Luckily I had one jersey needle left to save the day!

solution to skipped stitches

Here is what you want your stitching to look like.

Sew together braids for rug

Below is my first attempt at sewing the braid together and my big Boo Boo. Can you see what you did wrong? If you look closely and what became apparent to me fairly quickly is that because I had started the braid coil anticlockwise, as I started sewing the bulk of the rug was going to grow on the machine side under the sewing arm. Doh!

Because the rug is so big you need the bulk of it to grow towards the outside of the machine and onto the table. I had some unpicking to do.

what not to do when making a braided rug

Once you get the hang of it the rug grows fairly quickly.
Because the fabric was stretchy and the thickness of the braid varied, the rug took on a slightly organic curvy shape.

Sewing tip: To prevent the edges curling up or becoming fluted as you sew, feed extra braid around curves to keep the ends sitting flat and when sewing straight sides pull the braid a little firmer. You will understand as you start sewing.

braided t-shirt rug sewing progress

If you have an extension table for your machine, now is the time to use it. It helps keep the heavy rug supported and prevents irregularities in braid tension.

finishing off rug

To finish just tuck the end of the braid under the rug and sew over a couple of times.

Braided t-shirt rug tutorial www.mypoppet.com.au

braided rug tutorial www.mypoppet.com.au

Here is the finished rug, it fits perfectly beside my bed.

If you find it curls up or bubbles a little, give it a good stretch out and use a non-slip underlay beneath it. I found that helped smooth it out nicely and of course makes it safe to walk on.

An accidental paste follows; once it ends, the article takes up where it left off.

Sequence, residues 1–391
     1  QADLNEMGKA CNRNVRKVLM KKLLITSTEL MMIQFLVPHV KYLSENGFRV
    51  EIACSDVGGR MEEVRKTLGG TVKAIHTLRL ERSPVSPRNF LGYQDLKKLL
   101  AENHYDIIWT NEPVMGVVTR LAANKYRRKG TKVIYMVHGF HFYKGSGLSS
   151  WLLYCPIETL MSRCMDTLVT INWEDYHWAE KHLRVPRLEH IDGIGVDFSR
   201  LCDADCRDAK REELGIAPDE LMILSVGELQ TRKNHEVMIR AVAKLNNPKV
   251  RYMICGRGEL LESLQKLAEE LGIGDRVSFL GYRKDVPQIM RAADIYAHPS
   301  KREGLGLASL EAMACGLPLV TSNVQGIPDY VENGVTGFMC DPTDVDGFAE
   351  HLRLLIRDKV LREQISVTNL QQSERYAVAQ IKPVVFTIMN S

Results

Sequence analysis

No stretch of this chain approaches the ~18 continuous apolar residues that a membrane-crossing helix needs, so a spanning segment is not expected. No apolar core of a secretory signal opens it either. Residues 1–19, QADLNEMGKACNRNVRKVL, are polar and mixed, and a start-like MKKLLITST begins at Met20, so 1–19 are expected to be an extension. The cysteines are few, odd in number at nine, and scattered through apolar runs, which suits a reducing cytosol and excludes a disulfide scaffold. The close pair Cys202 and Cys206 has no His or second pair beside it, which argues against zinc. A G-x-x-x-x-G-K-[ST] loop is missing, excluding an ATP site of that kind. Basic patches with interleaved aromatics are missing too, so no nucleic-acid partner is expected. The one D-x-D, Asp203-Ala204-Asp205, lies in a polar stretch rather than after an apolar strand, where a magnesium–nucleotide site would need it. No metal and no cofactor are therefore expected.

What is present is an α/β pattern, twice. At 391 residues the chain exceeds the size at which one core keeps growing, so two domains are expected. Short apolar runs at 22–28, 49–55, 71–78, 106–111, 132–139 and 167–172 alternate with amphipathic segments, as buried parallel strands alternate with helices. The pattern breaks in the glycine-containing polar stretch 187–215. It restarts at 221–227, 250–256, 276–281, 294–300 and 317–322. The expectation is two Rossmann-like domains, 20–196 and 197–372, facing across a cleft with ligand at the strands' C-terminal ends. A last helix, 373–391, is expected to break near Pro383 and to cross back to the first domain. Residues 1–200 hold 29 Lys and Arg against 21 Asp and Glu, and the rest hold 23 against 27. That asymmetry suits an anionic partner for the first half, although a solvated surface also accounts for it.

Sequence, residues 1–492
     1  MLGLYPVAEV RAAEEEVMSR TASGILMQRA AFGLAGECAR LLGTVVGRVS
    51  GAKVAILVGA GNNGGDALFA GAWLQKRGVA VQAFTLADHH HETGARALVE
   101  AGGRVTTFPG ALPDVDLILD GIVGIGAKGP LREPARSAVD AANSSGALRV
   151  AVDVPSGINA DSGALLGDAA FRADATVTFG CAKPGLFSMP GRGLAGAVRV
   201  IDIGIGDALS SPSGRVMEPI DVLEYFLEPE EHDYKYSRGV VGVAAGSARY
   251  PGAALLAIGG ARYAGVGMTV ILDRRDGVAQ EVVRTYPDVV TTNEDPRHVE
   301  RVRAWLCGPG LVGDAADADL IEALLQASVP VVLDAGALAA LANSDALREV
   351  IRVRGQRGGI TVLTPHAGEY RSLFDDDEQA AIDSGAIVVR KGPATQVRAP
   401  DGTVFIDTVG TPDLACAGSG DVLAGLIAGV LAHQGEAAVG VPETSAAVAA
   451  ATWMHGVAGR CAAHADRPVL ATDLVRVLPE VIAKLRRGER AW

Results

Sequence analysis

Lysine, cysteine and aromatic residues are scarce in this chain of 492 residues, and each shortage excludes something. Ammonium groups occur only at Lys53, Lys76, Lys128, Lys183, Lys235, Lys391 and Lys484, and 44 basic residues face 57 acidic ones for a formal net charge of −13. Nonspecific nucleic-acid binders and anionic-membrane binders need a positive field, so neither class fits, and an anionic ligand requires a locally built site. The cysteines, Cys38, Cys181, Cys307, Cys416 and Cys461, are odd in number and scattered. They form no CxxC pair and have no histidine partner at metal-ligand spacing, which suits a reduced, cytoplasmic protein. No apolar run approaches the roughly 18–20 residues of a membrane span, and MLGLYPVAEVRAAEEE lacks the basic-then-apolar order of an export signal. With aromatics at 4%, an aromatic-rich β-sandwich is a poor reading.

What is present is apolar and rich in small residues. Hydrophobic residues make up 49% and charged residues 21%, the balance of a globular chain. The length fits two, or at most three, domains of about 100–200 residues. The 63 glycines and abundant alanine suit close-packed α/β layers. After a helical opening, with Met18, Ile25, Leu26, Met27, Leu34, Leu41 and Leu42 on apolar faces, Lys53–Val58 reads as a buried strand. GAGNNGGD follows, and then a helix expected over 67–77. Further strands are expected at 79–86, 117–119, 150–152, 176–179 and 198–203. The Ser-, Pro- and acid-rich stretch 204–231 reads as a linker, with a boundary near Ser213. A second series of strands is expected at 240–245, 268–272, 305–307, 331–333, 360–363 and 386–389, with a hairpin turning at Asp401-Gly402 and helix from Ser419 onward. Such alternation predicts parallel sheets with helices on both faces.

I quite like how it turned out, and the most amazing thing was that it cost next to nothing and diverted thirteen garments from landfill.

briaded rug tutorial

How to make an oval braided rug from old t-shirts

What do you think? Are you keen to make your own Braided Rug from all those old t-shirts cluttering up your wardrobe?

Need more t-shirt upcycling ideas? You may like – Upcycled T-shirt Tassel

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  • kim says:

    i love your colourful rug! it must be so satisfying to feel it under your feet every morning.

  • jamie g says:

    I love this! It is so timely too since I just tore up my bedroom carpet exposing the 50 year old hardwood floors. I need a lovely rug to step on when I get out of bed. My husband’s t-shirts have printing on them. Does this matter?

    • Miss Cinti @ My Poppet says:

      I don’t think the print would matter. It would just add to the textural look. I included a striped sweater and you don’t even notice the pattern.

  • Meredith says:

    I can’t wait to do this! I have a whole pile of old T shirts from my son and I that I wanted to upcycle but wasn’t sure what to do with them. This is great! I can’t wait to try this! Great tutorial..thank you.

  • KJ@letsgoflyakite says:

    Your rug turned out beautiful. I have been wanting to make one of these for so long, and you have inspired me to start! I hope to teach my daughters to braid at the same time!

  • Alessandra says:

    love everything about it!!!
    thank you for sharing,
    xxxx Ale

  • Fiona says:

    That is so amazingly pretty, must remember to start saving old shirts!

  • Miss Cinti @ My Poppet says:

    Colour choices are more to do with what my Mr wears than a conscious choice. But yes, they all came together nicely.

  • Lauren says:

    Gorgeous! I’m off to the op shop tomorrow (The Dude won’t let me in his tshirt drawer!)

  • Mary says:

    Such a fab tutorial! Thank you. I’m going to make one for my little boy. Also…what brand are those super cute red shoes in your first pic?

  • Tricia Olmos says:

    I luv this project, the only problem is that I don’t have a sewing machine? Is there any way to do this without one?

    • Miss Cinti @ My Poppet says:

      Yes, Cathy from Sewing for Life blog who’s tutorials inspired me to make my own rug, sewed her first one by hand I believe. There are a few links to her blog above. Traditionally braided rugs were always sewn by hand. Just a little more time consuming.

      • g kelly says:


        A very pretty rug – but I would crochet it instead of
        braidin and sewing.

        • Miss Cinti @ My Poppet says:

          Yes that would be another good option as well, may want to cut the strips a little thinner for that.

    • Connie B says: